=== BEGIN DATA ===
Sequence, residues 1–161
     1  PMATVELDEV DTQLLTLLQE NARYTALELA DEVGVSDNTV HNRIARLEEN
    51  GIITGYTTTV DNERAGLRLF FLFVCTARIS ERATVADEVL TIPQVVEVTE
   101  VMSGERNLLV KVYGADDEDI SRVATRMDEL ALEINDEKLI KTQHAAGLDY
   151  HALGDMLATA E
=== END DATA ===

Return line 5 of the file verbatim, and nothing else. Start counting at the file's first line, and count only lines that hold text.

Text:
   151  HALGDMLATA E